ADRIAN THRILLS: Duran Duran are back with pop, art… and bit of a Blur
Duran Duran: Future Past (BMG)
Verdict: Wild Boys grow up (a little)
When they were flying high with hits such as Save A Prayer and Girls On Film, Duran Duran ticked all the boxes marked excess. They had supermodel girlfriends, sported designer suits and filmed their videos on luxury yachts. Even by the showy standards of the New Romantic 1980s, they were gloriously preposterous.
If the Birmingham band’s music was often overshadowed by their louche offstage antics, they are belatedly receiving recognition for their artistic legacy.
They have been cited as an influence by Killers singer Brandon Flowers — and superstar DJ Mark Ronson, who produced their 2010 comeback album All You Need Is Now, puts in another cameo on their 15th studio LP.
Future Past is a typical Duran Duran cocktail: three parts catchy pop; one part arty experimentation, the latter coming predominantly from keyboardist Nick Rhodes and guest guitarist Graham Coxon, on loan from Blur.
Originally intended as an EP, the release developed into a full album once recording began and the band discovered they had ’25-plus strong songs’, a number they eventually edited down to 12.
Future Past is a typical Duran Duran cocktail: three parts catchy pop; one part arty experimentation
If the Birmingham band’s music was often overshadowed by their louche offstage antics, they are belatedly receiving recognition for their artistic legacy
It was subsequently delayed by Covid, but still sounds like the work of a much younger band.
Four fifths of the group that once vied for chart supremacy with Spandau Ballet and Culture Club appear on Future Past, with Rhodes joined by singer Simon Le Bon and the rhythm section of bassist John and drummer Roger Taylor (no relation). A third Taylor, guitarist Andy (again unrelated), flew the coop in 2006.
Several tracks take the band back to 1980s basics. With the Taylor and Taylor rhythm section in their element, the Chic-like grooves of All Of You are in thrall to American funk and disco. ‘We are music lovers, this much we’ve learned,’ sings Le Bon, and it’s hard to argue.
Elsewhere, Anniversary is more heavy-handed rhythmically, but at least it has a rousing chorus.
Electronic guru Giorgio Moroder drops by to supervise two high-octane dance-pop numbers, Beautiful Lies and Tonight United, and East London rapper Ivorian Doll guests on Hammerhead.
The quartet’s bolder instincts get an airing on the dreamy Give It All Up, made with Swedish hit-maker Tove Lo, and the Ronson-produced Wing. There’s also a riotous collaboration with J-pop stars Chai, an all-girl indie-pop band from Nagoya, on the fast-paced More Joy!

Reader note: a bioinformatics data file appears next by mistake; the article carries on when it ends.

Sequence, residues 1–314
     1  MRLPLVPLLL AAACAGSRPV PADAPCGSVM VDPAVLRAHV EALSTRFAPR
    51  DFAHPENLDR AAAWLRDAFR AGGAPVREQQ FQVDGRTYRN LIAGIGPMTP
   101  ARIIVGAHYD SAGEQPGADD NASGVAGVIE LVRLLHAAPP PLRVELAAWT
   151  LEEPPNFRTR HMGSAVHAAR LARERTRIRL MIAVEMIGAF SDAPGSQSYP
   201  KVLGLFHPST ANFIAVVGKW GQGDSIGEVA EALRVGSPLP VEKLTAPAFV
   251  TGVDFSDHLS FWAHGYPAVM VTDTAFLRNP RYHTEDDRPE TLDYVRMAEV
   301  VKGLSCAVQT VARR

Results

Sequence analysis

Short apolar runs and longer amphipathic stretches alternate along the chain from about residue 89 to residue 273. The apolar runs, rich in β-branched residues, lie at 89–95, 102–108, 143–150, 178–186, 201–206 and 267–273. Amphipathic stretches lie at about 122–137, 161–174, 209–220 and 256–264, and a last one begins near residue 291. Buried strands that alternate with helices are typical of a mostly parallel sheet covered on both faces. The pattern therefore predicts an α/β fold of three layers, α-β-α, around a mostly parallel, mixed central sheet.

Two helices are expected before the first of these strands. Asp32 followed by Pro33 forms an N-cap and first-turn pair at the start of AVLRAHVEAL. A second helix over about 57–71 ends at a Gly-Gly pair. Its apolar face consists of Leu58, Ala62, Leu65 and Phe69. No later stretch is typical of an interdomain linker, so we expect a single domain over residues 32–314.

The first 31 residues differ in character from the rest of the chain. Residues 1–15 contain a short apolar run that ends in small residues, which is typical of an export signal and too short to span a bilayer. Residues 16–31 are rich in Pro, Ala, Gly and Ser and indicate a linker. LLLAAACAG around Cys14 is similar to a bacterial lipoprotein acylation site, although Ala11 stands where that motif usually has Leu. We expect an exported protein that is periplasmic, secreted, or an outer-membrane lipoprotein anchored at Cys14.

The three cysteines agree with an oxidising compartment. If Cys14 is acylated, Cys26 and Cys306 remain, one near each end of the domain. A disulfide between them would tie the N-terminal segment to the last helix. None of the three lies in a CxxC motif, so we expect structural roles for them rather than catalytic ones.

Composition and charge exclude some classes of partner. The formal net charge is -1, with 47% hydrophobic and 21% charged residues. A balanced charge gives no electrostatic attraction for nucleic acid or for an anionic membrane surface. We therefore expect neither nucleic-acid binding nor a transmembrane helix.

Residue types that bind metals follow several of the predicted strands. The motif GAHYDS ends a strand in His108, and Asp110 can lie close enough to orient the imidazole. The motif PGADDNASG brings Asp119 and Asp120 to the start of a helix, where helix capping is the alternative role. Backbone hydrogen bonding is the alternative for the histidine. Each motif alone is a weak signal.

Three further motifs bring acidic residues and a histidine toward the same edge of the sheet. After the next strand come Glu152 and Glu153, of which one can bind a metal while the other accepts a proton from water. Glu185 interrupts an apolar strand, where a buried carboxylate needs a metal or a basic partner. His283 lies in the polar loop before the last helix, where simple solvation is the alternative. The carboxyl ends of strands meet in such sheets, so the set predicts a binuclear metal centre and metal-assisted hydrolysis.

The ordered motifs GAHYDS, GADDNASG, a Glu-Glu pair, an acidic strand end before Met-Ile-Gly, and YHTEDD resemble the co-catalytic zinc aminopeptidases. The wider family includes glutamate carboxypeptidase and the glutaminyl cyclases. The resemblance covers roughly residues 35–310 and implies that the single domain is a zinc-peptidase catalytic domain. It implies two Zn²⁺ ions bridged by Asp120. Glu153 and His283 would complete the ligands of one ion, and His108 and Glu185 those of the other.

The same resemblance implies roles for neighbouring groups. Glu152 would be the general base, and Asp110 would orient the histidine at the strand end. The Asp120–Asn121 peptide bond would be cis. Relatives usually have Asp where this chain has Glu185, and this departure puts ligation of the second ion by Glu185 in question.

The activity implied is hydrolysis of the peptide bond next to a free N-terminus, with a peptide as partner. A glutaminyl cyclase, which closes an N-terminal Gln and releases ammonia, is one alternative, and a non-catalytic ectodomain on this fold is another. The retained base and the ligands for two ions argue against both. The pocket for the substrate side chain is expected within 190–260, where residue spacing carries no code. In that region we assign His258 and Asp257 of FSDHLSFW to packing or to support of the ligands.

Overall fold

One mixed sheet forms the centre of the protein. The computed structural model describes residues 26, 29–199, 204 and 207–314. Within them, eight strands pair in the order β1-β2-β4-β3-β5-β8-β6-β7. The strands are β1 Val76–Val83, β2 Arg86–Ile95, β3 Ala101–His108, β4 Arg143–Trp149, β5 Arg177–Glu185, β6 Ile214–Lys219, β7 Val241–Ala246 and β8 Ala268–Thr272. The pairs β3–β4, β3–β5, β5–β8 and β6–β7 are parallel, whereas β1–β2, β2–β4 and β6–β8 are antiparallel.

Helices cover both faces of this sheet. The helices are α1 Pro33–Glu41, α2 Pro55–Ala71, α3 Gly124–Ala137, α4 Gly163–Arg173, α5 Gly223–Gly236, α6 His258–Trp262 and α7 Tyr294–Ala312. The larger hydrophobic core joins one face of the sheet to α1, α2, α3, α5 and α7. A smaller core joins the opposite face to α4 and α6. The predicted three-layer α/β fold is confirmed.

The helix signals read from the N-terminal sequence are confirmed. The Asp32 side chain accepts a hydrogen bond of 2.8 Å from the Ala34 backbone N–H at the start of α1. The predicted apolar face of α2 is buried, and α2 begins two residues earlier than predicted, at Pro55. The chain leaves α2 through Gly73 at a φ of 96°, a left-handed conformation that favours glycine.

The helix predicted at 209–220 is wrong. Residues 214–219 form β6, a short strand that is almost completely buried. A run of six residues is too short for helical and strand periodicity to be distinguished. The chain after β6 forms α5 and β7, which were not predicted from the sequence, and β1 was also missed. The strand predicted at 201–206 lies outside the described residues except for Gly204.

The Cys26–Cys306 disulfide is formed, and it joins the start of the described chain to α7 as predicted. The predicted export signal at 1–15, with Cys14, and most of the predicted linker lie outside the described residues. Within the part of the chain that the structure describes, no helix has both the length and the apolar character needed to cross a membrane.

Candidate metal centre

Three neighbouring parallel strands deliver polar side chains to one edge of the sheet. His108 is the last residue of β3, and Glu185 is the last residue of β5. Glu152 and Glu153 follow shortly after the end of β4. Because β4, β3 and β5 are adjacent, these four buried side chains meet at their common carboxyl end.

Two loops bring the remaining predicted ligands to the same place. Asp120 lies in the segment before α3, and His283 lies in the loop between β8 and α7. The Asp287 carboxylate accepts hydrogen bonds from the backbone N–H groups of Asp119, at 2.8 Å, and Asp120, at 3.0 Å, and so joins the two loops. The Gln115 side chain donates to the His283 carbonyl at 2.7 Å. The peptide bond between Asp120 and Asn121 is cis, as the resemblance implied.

Some of the old silliness also resurfaces, with Le Bon singing of ‘the outmode of the old order’ on Tonight United, and being eaten by ‘a hungry Demi-God that will not be denied’ on Wing.
With most of the band now in their 60s, there are even a few hints of age-appropriate maturity. Once famous for setting songs and videos in exotic locations, Duran Duran, on the title track at least, are now more at home in the National Trust enclave of Dorset’s Brownsea Island.
Pop’s former Wild Boys still know how to enjoy themselves but, rather surprisingly, they are growing older with dignity.
Self Esteem: Prioritise Pleasure (Fiction)
Verdict: Celebratory pop
Formerly half of Yorkshire indie-folk duo Slow Club, Rebecca Taylor set out to become a ‘hot pop star’, albeit on her own terms, when she launched a solo career four years ago.
After settling on the alias Self Esteem, to help her overcome her anxieties, she has become a musical whirlwind who specialises in big choruses, playground chants and rumbling synthetic beats.
Written during the pandemic, while Taylor was isolating at her parents’ house in Sheffield, Prioritise Pleasure tackles tough topics with unflinching honesty.
After settling on the alias Self Esteem, to help her overcome her anxieties, she has become a musical whirlwind who specialises in big choruses, playground chants and rumbling synthetic beats
Written during the pandemic, while Taylor was isolating at her parents’ house in Sheffield, Prioritise Pleasure tackles tough topics with unflinching honesty
Amid its tales of romantic failure and 30-something angst, there is also self-awareness and bittersweet humour.
Electronic pop number I’m Fine taps into some stage work that she did with The National Youth Theatre to address the fears of women walking home alone.
How Can I Help You is powerfully percussive, looking to Kanye West’s Black Skinhead for rhythmic inspiration while harking back to Taylor’s formative years in a Yorkshire punk band.
Helmed with the help of Swedish producer Johan Hugo Karlberg, of Afro-pop fusion duo The Very Best, the singer’s second album is a powerful and unapologetic statement of intent.
‘I’m not reinventing a bunch of wheels,’ she says. ‘My quest is to make music that’s widescreen and cinematic.’
This record does just that.